Q & A: Is My Foot Problem Affecting My Psoas?

Published by Liz Koch on November 1, 2007 in Question of the Month

Q: My friend just attended your workshop and recommended I contact you. Do you have any recommendations I have painful bunion that needs surgery?

A: Foot problems can be connected to the psoas muscle, which may be the reason your friend made the connection. I explore the feet during workshops for several reasons. Every joint of the skeletal system is connected like pearls on as string, so when a joint is compromised it can disrupt every other joint. The psoas responds to the disruption in the skeletal system; attempting to maintain balance and coherency.

Another way feet and psoas are connected is through the sense of weight. As gravity moves through bones and joints towards the earth a dynamic energetic interplay takes place. The feet must be able to receive gravity or energy can, so to speak, backlog into the hip sockets. The feet are also essential for good rebound of gravity responsible for coordinating posture.

The psoas muscle is the only muscle, connecting spine to leg and plays an essential role in the transfer of weight and free swing of the leg and foot in walking.

vanessa ashworth
Posted on February 15th, 2010 | Permalink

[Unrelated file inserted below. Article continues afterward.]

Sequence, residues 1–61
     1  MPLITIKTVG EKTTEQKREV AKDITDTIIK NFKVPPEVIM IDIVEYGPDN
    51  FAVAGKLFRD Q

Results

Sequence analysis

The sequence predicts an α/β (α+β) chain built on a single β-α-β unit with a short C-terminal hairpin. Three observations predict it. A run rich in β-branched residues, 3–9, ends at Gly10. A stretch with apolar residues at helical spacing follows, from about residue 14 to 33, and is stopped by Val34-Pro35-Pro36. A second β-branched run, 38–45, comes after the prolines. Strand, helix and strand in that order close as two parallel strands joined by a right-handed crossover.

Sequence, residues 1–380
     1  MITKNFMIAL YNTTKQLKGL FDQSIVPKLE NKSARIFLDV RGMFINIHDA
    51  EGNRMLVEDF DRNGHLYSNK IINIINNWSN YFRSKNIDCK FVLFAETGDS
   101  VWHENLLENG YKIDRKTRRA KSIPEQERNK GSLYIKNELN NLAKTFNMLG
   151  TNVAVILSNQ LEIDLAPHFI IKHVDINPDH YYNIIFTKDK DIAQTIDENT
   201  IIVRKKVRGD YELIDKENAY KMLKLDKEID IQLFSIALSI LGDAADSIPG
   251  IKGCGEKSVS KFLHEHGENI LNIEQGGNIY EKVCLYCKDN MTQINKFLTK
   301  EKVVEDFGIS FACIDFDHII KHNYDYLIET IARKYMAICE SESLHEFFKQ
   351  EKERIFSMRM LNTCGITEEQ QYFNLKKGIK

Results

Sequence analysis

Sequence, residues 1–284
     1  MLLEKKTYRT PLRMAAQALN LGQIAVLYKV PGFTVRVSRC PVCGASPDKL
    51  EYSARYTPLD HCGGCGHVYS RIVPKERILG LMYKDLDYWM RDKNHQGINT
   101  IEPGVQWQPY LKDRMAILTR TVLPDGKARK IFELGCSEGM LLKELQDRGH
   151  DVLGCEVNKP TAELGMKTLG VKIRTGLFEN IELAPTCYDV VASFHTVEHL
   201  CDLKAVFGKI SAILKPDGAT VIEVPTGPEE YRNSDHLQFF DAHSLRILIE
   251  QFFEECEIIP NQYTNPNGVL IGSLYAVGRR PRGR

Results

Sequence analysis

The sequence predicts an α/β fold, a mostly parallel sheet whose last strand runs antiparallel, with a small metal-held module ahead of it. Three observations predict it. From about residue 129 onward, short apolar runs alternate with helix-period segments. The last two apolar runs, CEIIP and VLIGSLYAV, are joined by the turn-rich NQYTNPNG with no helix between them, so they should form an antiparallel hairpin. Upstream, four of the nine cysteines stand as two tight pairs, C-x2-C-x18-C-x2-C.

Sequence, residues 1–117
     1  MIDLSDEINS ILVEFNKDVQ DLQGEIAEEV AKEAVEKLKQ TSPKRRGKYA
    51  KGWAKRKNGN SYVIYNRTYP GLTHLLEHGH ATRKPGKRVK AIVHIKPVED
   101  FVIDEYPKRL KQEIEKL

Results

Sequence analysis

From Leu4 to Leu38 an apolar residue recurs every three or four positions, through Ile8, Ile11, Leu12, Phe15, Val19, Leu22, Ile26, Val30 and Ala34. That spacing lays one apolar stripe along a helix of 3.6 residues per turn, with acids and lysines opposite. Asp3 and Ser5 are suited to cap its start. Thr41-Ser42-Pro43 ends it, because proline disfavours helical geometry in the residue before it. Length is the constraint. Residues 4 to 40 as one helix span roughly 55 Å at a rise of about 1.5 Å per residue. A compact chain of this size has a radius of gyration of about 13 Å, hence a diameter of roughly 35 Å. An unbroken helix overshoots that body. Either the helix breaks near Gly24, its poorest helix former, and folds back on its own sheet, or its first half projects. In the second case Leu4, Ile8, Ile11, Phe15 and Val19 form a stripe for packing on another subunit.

Hi Liz,
Please could you tell me if walking or softly springing on a mini rebounder will help with relaxing and help to heal a tight psoas. I have a congenital deformity of 43 years Hip socket is shallow causing lateral external rotation of leg; pain in lumber, knee,planter of foot. imbalance in sacro – iliac top it all anterior discomfort in hip joint.Severity of pain varies. Getting worse as i am getting older.Grateful for any advice Kind regards vanessa

Liz Koch
Posted on March 28th, 2010 | Permalink

Vanessa a mini rebounder is great for lymphatic massage so essential for removing toxins and refreshing fluid but I don’t think it will necessarily release your psoas. You are correct that the psoas needs to stay released and supple. However getting out of the force of gravity in CRP will help more. If the hip socket has the deformity you say it does, then the psoas will tighten to compensate. Try CRP with legs up at a right angle (use a chair) or on the floor, to give your psoas some down time. Support the joint by growing good proprioceptive awareness in all the tissue around the joint. Keep the iliacus fanned open and supple by toning the outward rotators (the intrinsic muscles which support the hip socket); learn not to use the psoas as a hip flexor and work with the ball exercises I recommend for keeping the feet responsive. Fluid movement such as wave motion and sound (come to one of my workshops or check out continuum movement), also helps to create coherency, supple tissue and encourages your organism to reorganize around a healthy midline which can mitigate the pain you are experiencing.



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